On Sunday morning, Sam Esmail posted this on Twitter:
Tonight… let’s just say you’re gonna have a lot of questions for me. #MrRobot
He wasn’t lying. The closing moments of this week’s Mr. Robot seem to strongly indicate that Elliot and Mr. Robot are not the only two aspects of our friend’s psyche. Apparently there is a third. Who might that be, and how do we think about this?
I must admit that this suggestion did not land all that well with me initially. There are multiple ways this could go wrong. Certainly it wouldn’t make any sense to make this third persona to be someone we already know from the show. The idea that Tyrell was an aspect of Elliot was played with briefly, sure, but Mr. Robot ruled that out pretty definitively once he shot Elliot. And to make it some entirely new person would also be a problem.
However, there have been indications of this possibility for a long time. Go back to Season 1, and the scene where Angela says “you’re not Elliot,” her voice distorts, and the scene cuts off, for example. Sure, that was (presumably) a dream sequence, but there have been elements like this throughout. Elliot has always been an unreliable narrator. He’s lost time, and we’ve lost it with him. And though we may have kept thinking that all of that lost time was taken by the Mr. Robot persona, the door is certainly open to another.
Think about those fsociety videos from Season 1 with someone wearing the mask from The Careful Massacre of the Bourgeoisie. Elliot always seemed surprised by them when he saw them. We might have thought that was because it was Mr. Robot at the helm, but isn’t it possible that this was the third—the man behind the mask? Some aspect of Elliot’s psyche that is totally beyond his conscious apprehension?
If this is what Vera’s reappearance at the end of Season 3 presaged, I am significantly more intrigued than I was previously. Maybe Careful-Massacre-Mask Elliot is a stone-cold killer?
Of course, Mr. Robot could go another way with this, but insofar as Sam Esmail has said this was part of the plan from the beginning, and that rewatches of the series will be rewarded by it, I struggle to think of another possibility that would feel right. And the collective hivemind of the internet has yet to provide me one.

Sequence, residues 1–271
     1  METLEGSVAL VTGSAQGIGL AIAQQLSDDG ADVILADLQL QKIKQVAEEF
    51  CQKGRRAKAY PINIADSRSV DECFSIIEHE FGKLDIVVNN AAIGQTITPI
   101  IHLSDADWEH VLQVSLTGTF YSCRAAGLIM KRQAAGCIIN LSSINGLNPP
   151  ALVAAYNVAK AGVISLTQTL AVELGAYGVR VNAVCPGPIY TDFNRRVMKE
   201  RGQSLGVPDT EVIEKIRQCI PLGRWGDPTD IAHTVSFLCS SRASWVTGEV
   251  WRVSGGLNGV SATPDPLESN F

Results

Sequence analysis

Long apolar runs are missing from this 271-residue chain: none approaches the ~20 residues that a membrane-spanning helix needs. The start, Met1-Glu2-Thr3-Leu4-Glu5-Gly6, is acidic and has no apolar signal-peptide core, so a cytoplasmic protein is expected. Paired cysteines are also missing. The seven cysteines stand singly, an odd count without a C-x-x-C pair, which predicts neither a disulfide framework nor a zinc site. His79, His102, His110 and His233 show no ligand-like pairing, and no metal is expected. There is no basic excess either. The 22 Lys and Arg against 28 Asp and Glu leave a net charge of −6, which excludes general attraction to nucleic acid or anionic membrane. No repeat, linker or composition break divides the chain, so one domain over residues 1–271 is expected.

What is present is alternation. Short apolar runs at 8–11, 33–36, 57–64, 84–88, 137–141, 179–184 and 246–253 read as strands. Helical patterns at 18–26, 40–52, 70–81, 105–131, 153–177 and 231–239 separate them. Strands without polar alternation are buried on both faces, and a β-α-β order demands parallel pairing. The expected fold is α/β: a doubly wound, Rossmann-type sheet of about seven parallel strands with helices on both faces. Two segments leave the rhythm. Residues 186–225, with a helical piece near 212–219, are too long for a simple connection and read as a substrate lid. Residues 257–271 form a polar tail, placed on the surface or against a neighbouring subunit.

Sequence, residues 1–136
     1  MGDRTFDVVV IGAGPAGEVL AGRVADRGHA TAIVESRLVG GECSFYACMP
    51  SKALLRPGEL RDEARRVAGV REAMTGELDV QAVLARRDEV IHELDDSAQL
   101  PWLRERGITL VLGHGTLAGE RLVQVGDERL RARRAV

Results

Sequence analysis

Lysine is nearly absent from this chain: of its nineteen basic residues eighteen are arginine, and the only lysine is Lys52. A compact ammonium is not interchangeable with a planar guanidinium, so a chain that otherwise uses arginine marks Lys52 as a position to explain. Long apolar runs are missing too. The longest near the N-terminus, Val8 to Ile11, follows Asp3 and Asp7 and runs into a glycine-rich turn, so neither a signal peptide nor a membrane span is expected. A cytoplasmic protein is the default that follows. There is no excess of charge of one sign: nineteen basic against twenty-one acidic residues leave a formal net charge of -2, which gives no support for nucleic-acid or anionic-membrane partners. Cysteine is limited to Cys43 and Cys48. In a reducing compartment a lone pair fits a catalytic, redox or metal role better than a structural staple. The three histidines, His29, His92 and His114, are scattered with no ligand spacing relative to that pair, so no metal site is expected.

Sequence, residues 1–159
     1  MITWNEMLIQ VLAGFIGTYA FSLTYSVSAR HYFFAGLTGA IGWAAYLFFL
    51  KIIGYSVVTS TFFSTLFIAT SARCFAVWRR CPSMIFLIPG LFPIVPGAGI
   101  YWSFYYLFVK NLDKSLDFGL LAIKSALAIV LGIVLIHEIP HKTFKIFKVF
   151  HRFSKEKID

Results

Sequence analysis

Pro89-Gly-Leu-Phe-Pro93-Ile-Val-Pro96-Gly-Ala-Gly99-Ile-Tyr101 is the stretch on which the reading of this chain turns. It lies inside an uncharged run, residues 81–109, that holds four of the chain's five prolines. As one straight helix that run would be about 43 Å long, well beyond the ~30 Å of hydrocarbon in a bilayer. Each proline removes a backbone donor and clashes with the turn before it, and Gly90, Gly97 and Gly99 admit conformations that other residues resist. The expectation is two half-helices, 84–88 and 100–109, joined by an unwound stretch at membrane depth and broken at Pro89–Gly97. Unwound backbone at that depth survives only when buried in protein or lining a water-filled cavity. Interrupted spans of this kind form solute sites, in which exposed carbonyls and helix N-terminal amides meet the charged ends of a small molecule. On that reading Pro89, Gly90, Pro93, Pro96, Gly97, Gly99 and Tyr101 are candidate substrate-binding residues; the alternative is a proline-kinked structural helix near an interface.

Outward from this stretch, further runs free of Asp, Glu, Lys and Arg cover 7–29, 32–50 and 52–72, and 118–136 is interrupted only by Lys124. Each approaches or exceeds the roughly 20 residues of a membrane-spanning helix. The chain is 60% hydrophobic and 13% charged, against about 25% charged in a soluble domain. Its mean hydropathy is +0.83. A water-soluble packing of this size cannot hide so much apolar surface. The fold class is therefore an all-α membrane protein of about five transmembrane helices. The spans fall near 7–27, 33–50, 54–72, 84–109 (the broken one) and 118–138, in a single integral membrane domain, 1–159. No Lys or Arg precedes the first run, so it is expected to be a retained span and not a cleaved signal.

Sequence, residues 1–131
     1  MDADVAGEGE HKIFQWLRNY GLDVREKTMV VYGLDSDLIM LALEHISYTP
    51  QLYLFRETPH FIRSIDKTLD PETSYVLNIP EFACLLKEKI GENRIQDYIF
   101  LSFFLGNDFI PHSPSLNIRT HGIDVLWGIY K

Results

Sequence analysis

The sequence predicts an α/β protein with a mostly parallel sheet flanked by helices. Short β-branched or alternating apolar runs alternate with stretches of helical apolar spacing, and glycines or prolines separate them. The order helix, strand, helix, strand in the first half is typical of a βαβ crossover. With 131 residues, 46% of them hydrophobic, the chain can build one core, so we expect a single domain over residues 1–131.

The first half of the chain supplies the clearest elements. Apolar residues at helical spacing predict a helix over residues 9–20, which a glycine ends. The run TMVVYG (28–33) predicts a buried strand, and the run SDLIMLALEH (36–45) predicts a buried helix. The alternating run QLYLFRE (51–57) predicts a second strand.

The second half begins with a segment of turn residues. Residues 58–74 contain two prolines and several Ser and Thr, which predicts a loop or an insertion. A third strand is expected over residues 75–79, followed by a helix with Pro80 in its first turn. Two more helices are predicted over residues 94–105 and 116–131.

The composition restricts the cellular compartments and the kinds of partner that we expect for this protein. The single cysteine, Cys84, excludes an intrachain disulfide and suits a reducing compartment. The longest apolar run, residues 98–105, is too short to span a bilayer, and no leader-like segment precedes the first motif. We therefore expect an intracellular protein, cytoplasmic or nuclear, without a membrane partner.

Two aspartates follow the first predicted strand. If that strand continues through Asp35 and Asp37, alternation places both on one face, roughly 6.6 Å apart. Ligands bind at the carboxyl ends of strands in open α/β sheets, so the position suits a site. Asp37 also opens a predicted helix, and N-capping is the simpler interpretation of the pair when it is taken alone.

But there are more questions raised by the final scene of the hour. Here we see a young Elliot swiveling in a chair in the ECorp building (it’s the room where Elliot went to meet Tyrell in Season 1), before his mom enters the room saying she has been looking all over for him. She chastises him for sitting in the chair and then says they need to wait, not for Elliot, or Mr. Robot, but for the other one…
There is absolutely no way this is a flashback, as the Freedom Tower is in the background of the scene (and it also just really wouldn’t make sense for it to be). So, we’re led in the direction of thinking this is like those other scenes where these figures have shown up. The wrinkle, of course, is that this time Elliot isn’t there. We don’t have the easy out of thinking these are mental projections on his part, or something like that. They seem to be operating fully autonomously, and independently from his mind.
I have no idea what to do with this.
There has been a theory that Whiterose’s plan involves implanting one consciousness within another, such that Mr. Robot would be a real presence in Elliot’s mind and not a figment, but I’ve never liked that idea much. Worse, it doesn’t seem to help here. But, so, how do we read this scene?
Perhaps this represents something going on in his unconscious mind. Taken that way, it doesn’t seem to require too much interpretation: it’s fundamentally the lingering desire of the childhood Elliot for his mother’s approval. What’s more interesting is to think about how this relates to his psyche as a whole at this point. Could the “other one” perhaps be some kind of synthesis of these various aspects of Elliot? Are we perhaps headed towards what Hegel would have called a sublation of the Elliot and Mr. Robot personas—that is, a movement that would both negate them and raise them up as aspects of this third moment?
Price is Right
I wondered last week why Price had saved Elliot’s life and whether this meant they would end up working together against Whiterose. It would seem that they will be, but given how the opening scene of S4E2 goes, my take is that Price’s motivation in the first instance was merely to learn what Elliot was planning.